Can the super-serious Shindou convince tough delinquent Yousuke to show a bit of his softer side?
Writer/Artist: Kazuhiko Mishima
Translation: Ken Wakita
Adaptation: Ken Wakita
What They Say
Shindo has just transferred into an extremely individualistic school. The ideal honor student, Shindo appears to sparkle with his perfect poise and presence. Yosuke, on the other hand, is the school delinquent preferring to spend his time hanging out on the school roof. But, Yosuke has a dark secret. The stereotypical tsundere, he may appear hostile on the outside, but his gruff hides a very sensitive interior - an interior that Shindo is determined to uncover!
DMP's books look fantastic, and this is no exception. The print and paper quality aren't the best they're capable of, but the lines are still sharp, with nice, deep blacks. The dust jacket is an excellent touch, as always. The cover on this volume is more than slightly busy and full of color, but it works surprisingly well.
The art here is heavy on the sharp, crisp lines, very precise and clean. Other than some screentone, shading is limited to hatching with those same crisp lines. It's a look that works very well, even with the relatively basic page layouts. The character designs are nicely distinct, especially the side characters. The character eyes especially are very well done - this is a nice looking book, no doubt.
All sound effects are subtitled on the page in a font similar to the original. The translation flows smoothly without any notable rough spots.
Yousuke is a tough delinquent at a school that isn't exactly known for being in the academic top ten. But when clean, studious, and entirely too literal Shindou transfers in (it's the closest school, so it's only logical! For very strange definitions of logic.), he finds his world turned upside down. Shindou firsts declares that they must be friends, despite Yousuke's strenuous objection, and then decides that he'll tutor him as well. Yousuke's thoughts on the matter appear to be entirely irrelevant.
Or are they? Despite Yousuke's rather vocal objections to Shindou's every action, he seems to actually like the attention, but buries his feelings rather than admitting them even to himself. When Shindou comes over and confesses his love out of nowhere, rather than rejecting him, Yousuke finds himself unexpectedly taken aback by Shindou's show of weakness, and the two wind up together.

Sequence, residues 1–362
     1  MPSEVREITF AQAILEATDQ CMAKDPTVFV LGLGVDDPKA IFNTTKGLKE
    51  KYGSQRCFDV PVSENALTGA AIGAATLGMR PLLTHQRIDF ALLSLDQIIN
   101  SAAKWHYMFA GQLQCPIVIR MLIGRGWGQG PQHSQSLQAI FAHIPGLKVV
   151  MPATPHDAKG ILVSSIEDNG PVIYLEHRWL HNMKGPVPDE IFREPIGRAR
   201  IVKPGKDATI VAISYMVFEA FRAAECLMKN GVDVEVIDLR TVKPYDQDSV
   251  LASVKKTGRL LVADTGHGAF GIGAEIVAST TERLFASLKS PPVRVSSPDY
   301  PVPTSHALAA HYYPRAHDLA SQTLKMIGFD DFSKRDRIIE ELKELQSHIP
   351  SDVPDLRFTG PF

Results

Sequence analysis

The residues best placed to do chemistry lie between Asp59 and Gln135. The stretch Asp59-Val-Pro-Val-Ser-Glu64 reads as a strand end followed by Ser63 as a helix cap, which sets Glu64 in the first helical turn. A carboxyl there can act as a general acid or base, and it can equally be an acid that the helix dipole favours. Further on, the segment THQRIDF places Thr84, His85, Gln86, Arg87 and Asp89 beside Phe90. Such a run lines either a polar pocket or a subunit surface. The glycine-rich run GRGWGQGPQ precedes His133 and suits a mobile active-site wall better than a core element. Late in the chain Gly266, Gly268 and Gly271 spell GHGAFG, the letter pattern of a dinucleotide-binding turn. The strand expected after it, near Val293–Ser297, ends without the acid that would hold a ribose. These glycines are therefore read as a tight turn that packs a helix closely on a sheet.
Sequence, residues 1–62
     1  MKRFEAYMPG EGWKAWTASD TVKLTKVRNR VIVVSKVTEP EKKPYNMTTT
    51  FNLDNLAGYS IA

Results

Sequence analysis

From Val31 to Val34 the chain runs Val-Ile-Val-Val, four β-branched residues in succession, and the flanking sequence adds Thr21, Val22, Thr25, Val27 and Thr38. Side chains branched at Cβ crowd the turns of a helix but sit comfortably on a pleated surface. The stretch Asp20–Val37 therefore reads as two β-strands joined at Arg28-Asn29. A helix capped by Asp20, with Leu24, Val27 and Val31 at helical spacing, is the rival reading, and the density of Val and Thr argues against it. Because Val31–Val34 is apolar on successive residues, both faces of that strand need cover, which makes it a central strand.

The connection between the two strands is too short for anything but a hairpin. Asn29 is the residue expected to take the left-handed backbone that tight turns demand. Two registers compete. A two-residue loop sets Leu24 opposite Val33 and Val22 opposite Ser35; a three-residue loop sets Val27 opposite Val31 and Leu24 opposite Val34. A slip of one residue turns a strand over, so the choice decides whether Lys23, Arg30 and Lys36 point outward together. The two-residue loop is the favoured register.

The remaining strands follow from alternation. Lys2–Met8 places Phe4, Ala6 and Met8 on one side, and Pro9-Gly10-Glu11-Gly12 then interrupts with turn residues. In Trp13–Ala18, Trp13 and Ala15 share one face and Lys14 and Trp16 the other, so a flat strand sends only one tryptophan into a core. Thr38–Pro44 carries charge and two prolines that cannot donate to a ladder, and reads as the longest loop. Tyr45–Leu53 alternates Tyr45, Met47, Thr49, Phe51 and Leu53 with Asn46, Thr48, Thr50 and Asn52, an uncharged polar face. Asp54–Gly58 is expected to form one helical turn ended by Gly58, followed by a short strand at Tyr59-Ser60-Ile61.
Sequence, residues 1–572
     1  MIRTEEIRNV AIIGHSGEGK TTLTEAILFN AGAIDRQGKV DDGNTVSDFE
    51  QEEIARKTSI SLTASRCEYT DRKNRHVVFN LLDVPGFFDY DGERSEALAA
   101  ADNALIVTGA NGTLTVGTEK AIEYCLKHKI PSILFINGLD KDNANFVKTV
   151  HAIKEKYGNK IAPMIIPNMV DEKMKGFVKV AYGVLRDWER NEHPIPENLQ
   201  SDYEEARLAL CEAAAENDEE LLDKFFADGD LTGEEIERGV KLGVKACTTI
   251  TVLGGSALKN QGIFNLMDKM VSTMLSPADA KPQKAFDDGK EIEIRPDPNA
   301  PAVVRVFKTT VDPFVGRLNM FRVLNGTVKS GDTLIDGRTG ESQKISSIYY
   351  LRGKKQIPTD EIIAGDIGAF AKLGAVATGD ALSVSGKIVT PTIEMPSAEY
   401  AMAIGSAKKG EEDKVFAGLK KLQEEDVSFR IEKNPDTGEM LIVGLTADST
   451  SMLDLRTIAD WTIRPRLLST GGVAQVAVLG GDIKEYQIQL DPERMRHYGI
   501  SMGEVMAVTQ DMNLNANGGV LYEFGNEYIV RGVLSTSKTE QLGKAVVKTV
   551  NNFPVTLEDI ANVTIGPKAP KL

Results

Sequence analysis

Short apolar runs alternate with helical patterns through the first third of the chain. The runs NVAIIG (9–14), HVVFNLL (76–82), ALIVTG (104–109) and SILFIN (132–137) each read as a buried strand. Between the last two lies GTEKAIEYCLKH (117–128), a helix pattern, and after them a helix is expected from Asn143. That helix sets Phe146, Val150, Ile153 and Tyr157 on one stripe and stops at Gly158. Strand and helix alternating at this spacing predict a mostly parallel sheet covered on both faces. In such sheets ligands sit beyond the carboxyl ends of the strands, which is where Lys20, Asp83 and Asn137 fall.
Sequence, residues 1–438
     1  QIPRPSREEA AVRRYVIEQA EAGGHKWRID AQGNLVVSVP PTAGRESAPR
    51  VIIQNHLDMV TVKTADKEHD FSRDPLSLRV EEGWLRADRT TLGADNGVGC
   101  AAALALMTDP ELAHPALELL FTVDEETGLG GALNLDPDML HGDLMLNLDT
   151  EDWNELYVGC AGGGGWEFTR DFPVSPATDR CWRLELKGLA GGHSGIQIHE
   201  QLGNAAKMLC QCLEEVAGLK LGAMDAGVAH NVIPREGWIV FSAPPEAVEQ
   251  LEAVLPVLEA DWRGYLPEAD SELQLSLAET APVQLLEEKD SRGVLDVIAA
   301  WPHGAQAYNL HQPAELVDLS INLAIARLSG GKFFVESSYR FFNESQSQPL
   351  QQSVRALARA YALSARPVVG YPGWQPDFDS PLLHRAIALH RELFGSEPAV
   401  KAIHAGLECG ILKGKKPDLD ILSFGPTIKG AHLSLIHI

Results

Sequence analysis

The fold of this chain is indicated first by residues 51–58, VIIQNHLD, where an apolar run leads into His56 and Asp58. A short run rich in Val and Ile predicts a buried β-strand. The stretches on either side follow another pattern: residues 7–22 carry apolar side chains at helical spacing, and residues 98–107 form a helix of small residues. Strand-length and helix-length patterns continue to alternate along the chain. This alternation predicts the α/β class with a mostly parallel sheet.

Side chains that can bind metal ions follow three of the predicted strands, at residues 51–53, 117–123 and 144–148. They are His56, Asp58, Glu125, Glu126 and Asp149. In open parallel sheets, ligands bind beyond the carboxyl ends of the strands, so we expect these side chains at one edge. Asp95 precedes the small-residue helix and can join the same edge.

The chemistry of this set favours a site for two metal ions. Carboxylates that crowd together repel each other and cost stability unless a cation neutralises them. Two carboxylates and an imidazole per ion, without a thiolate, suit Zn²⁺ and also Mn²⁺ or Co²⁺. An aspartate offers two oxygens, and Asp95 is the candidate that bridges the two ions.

Of course, there has to be a rival, in the form of Yuki - in the same grade, but cute, clean-cut, and absolutely determined to be Shindou's friend. Yousuke, convinced that Yuki is out to get Shindou, gets jealous and does his best to keep the two of them apart, but Shindou is kind of like a force of nature, and agrees to be Yuki's friend. As if that weren't enough, Yousuke also has to deal with Shindou's family - how can a delinquent like him possibly live up to their expectations? Comedy and tragedy abound.
In "Sensei," Mimori's teacher is attractive, but he's usually fairly harsh and cold. When Mimori finds him crying one day and discovers that he had just been dumped by another man, he finds himself drawn more and more to him, and makes it his goal to make his teacher smile. But somehow, something else might be growing between them.
Shindou sparkles. For some reason, that was one of the things that made this so very funny - his deadpan declarations, complete with sparkles, were just so absurd that I couldn't help but laugh. Yousuke isn't really a reader-proxy character, but it's easy to empathize with his reactions anyway. Shindou is supposed to be "normal," but he's really anything but. And Yousuke's two friends as the delinquent Greek chorus were just funny. There were some fantastic scenes and panels, both in the main story and in the second story in the book, that brought this up from strictly average to something more memorable. Still, it's not the best thing out there, and there were more than a few flaws that I could spend hours picking apart. Really, this book had nothing going for it but a bizarre sort of humor, some surprisingly effective (if not particularly realistic) characterization, and a heavy dose of the absurd. But sometimes that's enough. This is a light, enjoyable read that isn't necessarily high art, but is definitely fun.